Chris Mullen 23:17
think it can be easily equated to the same thing as culture. It’s something that’s not as quantifiable as people would like. But it has a huge impact on the bottom line, productivity, taking care of your employees, has a huge impact. And I think we were we were getting there with I think your third question about, I can’t remember what it was, but I have my notes here about I know my answer was that it was about like, my answer would be is like, the easiest way to do that is that your culture and this not so quantifiable is managers are the linchpin for it all, whether it’s your culture, whether it’s how do we go from the concrete to the abstract, because they’re the communication tool, or the conduit, between leadership and employees and their workforces, too, we never want to forget our frontline

Chris Mullen 24:12

Chris Mullen 24:14
We spend quite a bit of time thinking about how does everything impact them? Like we spent a lot of time over the, during the pandemic, thinking about everyone else talking about remote work? Well, you know, a lot of frontline employees can work from home. So what does that mean for them? How do we give them more flexibility, safety, things like that, but this idea of managers came about, typically they get their job because they were really good at making widgets or whatever their role was as an individual contributor. And when they become a manager, we think as an organization, the easiest thing to do is let them manage maybe we give them some manager training, and that’ll work. It doesn’t always work that way when people go through retraining, and I’ve seen this because I used to do employee development and training as part of one of my roles, they cognitively get it. When they’re going through the training. They’re like, Oh, I get this this manager thing I creating relationships building. Yeah, I get I get that. But then to put it into practice is a totally different ballgame. It’s a totally different skill set. And we’re not providing our managers with coaching or follow up to how do you apply what you’ve learned? I think a lot of you know, a lot of colleges are having this issue, higher education is having this issue too, is, you know, businesses are like, give me the skills I need to do the work. And, you know, universities are giving people some of the skills but also a lot of, you know, courses in theory and, and people are struggling to apply it. And that’s the same thing with managers. So as a organization, we need to be able to help our managers deploy is a skill set, and how do we coach them to be a manager, trust is not something you can see. But Steve covey talks about if you can wait, if you increase trust, then you decrease cost. And you increase speed. Right. And so if it does have a factor on the organization, and managers are a key role in in, in that,

Brent Skinner 26:11
you know, what you’re bringing up, so one thing I want, I want to hit on, because I’m looking at the time, and I want to make sure we touch on this, before we run out of time is, is he mentioned the pandemic and its effect on just employee, I guess we call it employee experience. But going to what you said around managers and leaders, leadership in the organization, we, you know, we, when I say we, I mean the Royal we, you know, the industry, the profession we talk about, we talk about employer culture, and, and, you know, making sure that, that, you know that focusing on these higher level things, investing in your people and, and, you know, it’s not just about the numbers. And that’s all well and good. But, the conversation can stop there sometimes. When you really want to get into the weeds and really get into, you know, like the putting in the elbow grease or whatever. Right. That’s you. That’s managerial discussion, this discussion about, okay, how are we equipping our managers to be leaders? How are we identifying? Are we identifying the right people to be managers? You know, there are some people with intrinsic sort of innate traits that are better more, you know, make them better managers sort of innately than others, although a lot of it can be learned. So what are we doing in organizations? It’s so you know, I love that you brought that up, you know, that that’s so important. We can’t sort of forget about that. But, but let’s talk about the pandemic for just a minute, right? Because the employee experience, you know, I call it you know, 2020 was a was a wormhole, right? I’m not even I’m not even a Star Trek nerd. But I know what a wormhole is, it’s, you know, to late 2019, nobody in their right mind thought that we’d be this close this close to the future of work, or this much closer to the future of work by 2021. Right, as we are, you know, it’s like we went through a wormhole. So what do you think? Is that going to be the what are the going to be the lasting effects of the pandemic on sort of the appreciation for the play experience? Do you think we’re going to sort of revert back to our bad our old ways? Or do you think we’re, we’re, we’re sort of out of the woods for good or?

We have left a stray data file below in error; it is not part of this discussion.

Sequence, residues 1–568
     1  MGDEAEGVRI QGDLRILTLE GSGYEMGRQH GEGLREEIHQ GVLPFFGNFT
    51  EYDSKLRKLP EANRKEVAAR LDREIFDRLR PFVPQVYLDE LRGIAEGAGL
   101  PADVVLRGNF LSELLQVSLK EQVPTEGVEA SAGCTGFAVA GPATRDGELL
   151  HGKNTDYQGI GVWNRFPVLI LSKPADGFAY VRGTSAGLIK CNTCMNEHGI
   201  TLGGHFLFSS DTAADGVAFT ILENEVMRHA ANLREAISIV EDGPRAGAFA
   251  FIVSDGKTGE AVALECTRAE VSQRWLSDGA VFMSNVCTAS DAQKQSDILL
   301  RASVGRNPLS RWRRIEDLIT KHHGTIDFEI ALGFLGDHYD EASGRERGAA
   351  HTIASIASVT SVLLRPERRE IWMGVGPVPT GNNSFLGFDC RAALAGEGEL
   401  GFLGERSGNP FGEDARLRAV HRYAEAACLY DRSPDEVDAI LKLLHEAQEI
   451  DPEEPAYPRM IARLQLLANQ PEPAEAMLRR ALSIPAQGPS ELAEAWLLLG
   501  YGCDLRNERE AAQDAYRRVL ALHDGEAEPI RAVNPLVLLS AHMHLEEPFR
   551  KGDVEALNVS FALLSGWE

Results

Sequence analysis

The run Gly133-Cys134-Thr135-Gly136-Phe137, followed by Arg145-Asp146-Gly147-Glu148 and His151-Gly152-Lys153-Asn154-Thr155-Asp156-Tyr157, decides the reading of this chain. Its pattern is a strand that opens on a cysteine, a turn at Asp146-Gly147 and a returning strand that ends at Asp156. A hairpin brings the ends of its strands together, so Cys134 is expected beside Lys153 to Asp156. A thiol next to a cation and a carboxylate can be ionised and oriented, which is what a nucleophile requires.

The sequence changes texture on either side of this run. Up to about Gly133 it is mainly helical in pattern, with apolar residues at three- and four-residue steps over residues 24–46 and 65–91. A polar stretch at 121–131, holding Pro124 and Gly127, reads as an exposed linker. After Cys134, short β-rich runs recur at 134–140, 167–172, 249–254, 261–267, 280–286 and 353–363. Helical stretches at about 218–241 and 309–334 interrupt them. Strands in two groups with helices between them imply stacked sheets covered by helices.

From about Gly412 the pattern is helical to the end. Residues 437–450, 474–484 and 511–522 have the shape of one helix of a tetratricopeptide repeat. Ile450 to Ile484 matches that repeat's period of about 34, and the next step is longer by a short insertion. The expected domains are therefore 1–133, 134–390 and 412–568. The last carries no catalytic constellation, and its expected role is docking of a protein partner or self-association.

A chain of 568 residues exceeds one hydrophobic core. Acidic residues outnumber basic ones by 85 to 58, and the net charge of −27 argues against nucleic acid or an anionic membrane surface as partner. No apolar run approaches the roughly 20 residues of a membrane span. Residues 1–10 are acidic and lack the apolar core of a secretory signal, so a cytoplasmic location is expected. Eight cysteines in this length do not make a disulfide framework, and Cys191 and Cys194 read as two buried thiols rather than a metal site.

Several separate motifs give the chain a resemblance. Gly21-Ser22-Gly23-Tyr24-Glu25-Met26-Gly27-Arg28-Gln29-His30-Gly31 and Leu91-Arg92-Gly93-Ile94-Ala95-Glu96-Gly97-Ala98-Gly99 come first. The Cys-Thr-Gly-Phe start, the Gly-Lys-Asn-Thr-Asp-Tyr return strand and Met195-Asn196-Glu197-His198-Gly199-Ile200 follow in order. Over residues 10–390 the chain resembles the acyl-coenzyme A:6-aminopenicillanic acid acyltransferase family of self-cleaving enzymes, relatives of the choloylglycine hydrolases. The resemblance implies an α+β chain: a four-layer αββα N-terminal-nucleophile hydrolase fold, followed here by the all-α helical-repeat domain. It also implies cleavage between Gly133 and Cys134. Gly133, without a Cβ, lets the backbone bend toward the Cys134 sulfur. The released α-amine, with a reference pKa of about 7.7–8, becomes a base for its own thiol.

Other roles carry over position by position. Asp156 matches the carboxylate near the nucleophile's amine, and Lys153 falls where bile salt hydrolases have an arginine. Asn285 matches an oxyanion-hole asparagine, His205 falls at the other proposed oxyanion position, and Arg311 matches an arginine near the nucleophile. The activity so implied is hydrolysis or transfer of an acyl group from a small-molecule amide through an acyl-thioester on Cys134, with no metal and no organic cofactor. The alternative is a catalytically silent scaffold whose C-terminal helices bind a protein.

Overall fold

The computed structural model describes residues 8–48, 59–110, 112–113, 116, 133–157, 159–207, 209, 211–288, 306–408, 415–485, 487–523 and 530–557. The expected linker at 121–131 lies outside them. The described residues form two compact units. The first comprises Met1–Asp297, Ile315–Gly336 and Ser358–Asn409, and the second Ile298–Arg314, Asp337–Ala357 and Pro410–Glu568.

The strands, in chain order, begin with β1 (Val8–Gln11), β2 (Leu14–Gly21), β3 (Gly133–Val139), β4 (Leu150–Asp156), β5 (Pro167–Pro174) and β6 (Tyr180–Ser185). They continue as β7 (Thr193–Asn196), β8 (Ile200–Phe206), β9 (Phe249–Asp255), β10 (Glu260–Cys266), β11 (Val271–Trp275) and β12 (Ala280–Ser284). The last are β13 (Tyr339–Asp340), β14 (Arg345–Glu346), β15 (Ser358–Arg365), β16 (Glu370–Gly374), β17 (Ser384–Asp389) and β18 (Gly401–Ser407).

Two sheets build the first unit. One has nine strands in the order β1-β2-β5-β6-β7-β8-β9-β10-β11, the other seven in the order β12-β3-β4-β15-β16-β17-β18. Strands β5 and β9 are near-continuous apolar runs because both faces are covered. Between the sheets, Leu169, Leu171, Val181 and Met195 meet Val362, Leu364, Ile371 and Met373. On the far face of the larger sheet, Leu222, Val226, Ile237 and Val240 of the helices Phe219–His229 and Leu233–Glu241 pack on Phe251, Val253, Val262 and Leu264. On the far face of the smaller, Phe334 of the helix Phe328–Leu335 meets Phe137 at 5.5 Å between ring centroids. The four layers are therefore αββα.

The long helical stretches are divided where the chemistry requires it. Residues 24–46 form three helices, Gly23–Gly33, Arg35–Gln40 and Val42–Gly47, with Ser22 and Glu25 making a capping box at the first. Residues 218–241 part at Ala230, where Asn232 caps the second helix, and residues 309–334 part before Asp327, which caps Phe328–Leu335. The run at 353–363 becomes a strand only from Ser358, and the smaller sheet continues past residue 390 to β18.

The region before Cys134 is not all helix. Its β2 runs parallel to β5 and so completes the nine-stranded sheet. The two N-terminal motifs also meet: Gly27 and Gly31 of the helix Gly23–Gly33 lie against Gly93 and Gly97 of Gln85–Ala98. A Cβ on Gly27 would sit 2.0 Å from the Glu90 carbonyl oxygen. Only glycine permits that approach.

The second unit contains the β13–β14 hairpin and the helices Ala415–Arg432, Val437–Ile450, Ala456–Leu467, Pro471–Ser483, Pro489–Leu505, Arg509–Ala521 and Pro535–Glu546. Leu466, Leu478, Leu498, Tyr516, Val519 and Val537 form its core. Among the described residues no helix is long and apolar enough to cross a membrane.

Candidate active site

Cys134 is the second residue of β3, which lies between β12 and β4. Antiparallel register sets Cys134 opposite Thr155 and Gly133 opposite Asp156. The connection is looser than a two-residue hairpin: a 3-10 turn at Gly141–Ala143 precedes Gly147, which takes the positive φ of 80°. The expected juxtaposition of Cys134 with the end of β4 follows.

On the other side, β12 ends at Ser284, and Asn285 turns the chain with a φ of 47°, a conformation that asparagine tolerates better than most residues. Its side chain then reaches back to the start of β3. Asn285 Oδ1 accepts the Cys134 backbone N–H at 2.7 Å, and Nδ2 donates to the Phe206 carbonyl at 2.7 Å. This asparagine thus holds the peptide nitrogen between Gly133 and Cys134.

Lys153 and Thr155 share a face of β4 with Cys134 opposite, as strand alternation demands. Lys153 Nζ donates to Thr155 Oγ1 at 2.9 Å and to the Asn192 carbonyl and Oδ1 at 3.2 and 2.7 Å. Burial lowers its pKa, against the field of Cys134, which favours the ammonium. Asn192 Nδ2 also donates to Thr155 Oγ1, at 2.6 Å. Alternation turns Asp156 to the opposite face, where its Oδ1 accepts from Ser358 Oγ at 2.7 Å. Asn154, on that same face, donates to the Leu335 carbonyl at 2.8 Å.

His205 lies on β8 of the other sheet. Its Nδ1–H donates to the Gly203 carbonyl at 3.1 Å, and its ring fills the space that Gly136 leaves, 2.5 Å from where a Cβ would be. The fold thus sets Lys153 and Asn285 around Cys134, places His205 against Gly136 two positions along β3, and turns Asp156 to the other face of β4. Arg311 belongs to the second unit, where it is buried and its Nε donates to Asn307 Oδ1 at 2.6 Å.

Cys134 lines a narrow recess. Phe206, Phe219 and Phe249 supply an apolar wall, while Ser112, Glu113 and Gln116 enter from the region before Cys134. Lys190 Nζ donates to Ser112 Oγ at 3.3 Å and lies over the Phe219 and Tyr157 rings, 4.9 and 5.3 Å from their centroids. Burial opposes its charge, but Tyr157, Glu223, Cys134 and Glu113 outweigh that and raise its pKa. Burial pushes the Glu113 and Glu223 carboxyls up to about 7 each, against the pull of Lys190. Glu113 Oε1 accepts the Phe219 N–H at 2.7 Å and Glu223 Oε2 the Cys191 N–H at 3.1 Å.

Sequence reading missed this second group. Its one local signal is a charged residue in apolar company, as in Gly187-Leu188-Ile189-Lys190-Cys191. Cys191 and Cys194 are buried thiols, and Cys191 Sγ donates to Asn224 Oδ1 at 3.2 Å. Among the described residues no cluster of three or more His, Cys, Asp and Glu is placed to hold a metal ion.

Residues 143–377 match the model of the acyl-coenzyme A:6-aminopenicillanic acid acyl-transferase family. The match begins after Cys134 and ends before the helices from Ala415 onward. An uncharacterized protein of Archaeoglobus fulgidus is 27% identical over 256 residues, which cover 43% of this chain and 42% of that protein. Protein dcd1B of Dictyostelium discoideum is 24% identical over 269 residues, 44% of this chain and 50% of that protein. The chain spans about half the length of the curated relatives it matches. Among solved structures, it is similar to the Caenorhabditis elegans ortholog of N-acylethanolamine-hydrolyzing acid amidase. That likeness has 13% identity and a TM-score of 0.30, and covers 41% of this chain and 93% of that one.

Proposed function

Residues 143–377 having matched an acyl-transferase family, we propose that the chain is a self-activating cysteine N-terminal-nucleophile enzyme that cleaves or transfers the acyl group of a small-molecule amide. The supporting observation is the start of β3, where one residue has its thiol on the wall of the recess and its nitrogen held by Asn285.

Brent Skinner 28:31

Brent Skinner 28:32
let’s go ahead.

Chris Mullen 28:33